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Sophomore lawyers up after getting subpoenaed for Bitcoin project details

Jeremy L. Rubin ’16 has sought help from the Electronic Frontier Foundation after receiving requests from the New Jersey attorney general’s office for documents and code related to a hackathon project he worked on with three other MIT students.

The project, Tidbit, was a project intended to help websites make money without ads by running Bitcoin-mining code within users’ browsers. The project won Rubin, Kevin C. King ’14, Oliver R. Song ’14, and Carolyn Zhang ’14 an award for innovation in the Node Knockout competition in November.

An attorney from the Electronic Frontier Foundation, an advocacy group for digital rights, argued that the state of New Jersey has no jurisdiction over Tidbit and asked that Rubin be granted immunity from prosecution under the Fifth Amendment, should the subpoena stand. The attorney also said that Tidbit was a proof-of-concept that did not actually mine Bitcoins yet.

The New Jersey attorney general’s office responded, saying that they were trying to determine whether Tidbit violated the New Jersey Consumer Fraud Act, and that the subpoena was authorized since Tidbit could affect New Jersey consumers.

The Tech will continue to cover this story as it develops.

Applicants receive email falsely stating they were admitted to MIT

According to the MIT Admissions blog, an email about financial aid, sent both to students admitted early and to current applicants, included the line “You are on this list because you are admitted to MIT!” in its footer.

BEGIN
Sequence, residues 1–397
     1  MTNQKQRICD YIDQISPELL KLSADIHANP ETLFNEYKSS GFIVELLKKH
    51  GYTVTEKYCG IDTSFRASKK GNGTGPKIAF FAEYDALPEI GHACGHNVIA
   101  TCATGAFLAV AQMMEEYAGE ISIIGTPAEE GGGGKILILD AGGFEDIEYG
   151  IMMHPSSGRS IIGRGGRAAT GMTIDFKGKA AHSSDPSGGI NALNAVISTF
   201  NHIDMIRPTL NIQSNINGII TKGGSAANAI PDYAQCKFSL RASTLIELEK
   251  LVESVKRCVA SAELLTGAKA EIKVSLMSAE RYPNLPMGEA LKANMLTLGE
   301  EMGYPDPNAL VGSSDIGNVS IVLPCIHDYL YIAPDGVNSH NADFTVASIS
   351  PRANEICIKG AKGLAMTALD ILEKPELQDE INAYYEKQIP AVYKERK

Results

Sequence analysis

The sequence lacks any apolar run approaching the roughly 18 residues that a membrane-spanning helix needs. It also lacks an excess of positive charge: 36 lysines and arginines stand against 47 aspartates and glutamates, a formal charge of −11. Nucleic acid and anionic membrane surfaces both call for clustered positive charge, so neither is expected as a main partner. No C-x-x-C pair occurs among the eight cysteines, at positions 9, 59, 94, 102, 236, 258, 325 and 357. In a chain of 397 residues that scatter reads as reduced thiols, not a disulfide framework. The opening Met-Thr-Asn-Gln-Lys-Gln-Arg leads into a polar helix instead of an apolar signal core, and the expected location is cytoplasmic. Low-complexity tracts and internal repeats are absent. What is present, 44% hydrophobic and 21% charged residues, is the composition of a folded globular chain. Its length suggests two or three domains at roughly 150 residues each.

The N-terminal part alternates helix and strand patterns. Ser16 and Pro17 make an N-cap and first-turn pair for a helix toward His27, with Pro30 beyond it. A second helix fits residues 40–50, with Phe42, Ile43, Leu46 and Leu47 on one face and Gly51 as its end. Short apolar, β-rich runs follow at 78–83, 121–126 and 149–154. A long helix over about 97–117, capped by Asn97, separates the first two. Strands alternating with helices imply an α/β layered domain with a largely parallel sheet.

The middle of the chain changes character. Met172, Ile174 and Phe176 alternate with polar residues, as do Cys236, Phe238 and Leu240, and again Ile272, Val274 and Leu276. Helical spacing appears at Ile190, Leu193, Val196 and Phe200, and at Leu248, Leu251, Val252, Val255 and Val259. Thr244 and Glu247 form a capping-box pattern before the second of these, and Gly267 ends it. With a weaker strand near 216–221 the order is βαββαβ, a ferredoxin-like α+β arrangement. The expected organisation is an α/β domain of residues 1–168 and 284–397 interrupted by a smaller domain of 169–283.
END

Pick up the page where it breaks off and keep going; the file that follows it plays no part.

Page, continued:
In the blog post, the Admissions Office’s Chris Peterson SM ’13 apologized, saying that when he was applying for colleges, he was hurt after receiving a letter from a college that got his name wrong. “[It] crushes — crushes — me to think that I might have unintentionally inflicted something similar on some of you,” he wrote.

Peterson said the mistake arose from “an (apparently) undocumented side-effect” of merging mailing lists in MailChimp, an email marketing service.

He said he was unaware of mistake until he saw a thread about it on College Confidential, a forum for students applying to colleges.

“I’m not sure what it means. We could always hope right!!” one user wrote. Several others suspected it was a joke; another said it might be an error.

Peterson eventually posted a clarification in the thread. “I hope you’ll forgive me,” he said.

Draft report released on graduate student housing needs

A group charged last year with reporting on graduate student housing needs released a draft report Tuesday recommending building housing for 500-600 students. The draft report also made recommendations for creating approximately 400 beds “to meet swing-space needs over the course of the next decade.” The report was first commissioned by Provost Martin A. Schmidt PhD ‘88 to the Graduate Student House Working Group. The committee was asked to evaluate the strengths and weaknesses of the current housing situation and recommending ways to better improve housing.

The final report will be released in mid-spring. Schmidt, along with the new Chancellor Cynthia Barnhart PhD ‘88 and the Executive Vice President Israel Ruiz SM ‘01, will issue a response to the upcoming report once it has released.

—Leon Lin and Tushar Kamath